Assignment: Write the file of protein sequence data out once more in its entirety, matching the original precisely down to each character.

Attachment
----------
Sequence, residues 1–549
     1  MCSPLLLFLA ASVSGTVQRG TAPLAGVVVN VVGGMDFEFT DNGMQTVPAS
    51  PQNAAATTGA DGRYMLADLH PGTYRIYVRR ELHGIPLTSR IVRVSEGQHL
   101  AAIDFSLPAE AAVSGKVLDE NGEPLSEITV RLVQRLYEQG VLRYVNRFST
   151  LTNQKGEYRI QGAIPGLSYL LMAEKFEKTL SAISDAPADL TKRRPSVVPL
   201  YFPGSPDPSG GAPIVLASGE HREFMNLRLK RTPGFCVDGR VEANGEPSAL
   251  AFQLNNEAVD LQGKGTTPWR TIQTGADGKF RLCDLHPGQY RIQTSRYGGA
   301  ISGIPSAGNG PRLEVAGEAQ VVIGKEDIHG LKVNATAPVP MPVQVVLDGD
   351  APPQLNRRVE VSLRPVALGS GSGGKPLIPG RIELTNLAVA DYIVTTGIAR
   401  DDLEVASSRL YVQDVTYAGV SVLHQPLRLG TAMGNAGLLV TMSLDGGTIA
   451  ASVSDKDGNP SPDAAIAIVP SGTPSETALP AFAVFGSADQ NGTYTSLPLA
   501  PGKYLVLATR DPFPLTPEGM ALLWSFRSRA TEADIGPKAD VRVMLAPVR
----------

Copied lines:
Sequence, residues 1–549
     1  MCSPLLLFLA ASVSGTVQRG TAPLAGVVVN VVGGMDFEFT DNGMQTVPAS
    51  PQNAAATTGA DGRYMLADLH PGTYRIYVRR ELHGIPLTSR IVRVSEGQHL
   101  AAIDFSLPAE AAVSGKVLDE NGEPLSEITV RLVQRLYEQG VLRYVNRFST
   151  LTNQKGEYRI QGAIPGLSYL LMAEKFEKTL SAISDAPADL TKRRPSVVPL
   201  YFPGSPDPSG GAPIVLASGE HREFMNLRLK RTPGFCVDGR VEANGEPSAL
   251  AFQLNNEAVD LQGKGTTPWR TIQTGADGKF RLCDLHPGQY RIQTSRYGGA
   301  ISGIPSAGNG PRLEVAGEAQ VVIGKEDIHG LKVNATAPVP MPVQVVLDGD
   351  APPQLNRRVE VSLRPVALGS GSGGKPLIPG RIELTNLAVA DYIVTTGIAR
   401  DDLEVASSRL YVQDVTYAGV SVLHQPLRLG TAMGNAGLLV TMSLDGGTIA
   451  ASVSDKDGNP SPDAAIAIVP SGTPSETALP AFAVFGSADQ NGTYTSLPLA
   501  PGKYLVLATR DPFPLTPEGM ALLWSFRSRA TEADIGPKAD VRVMLAPVR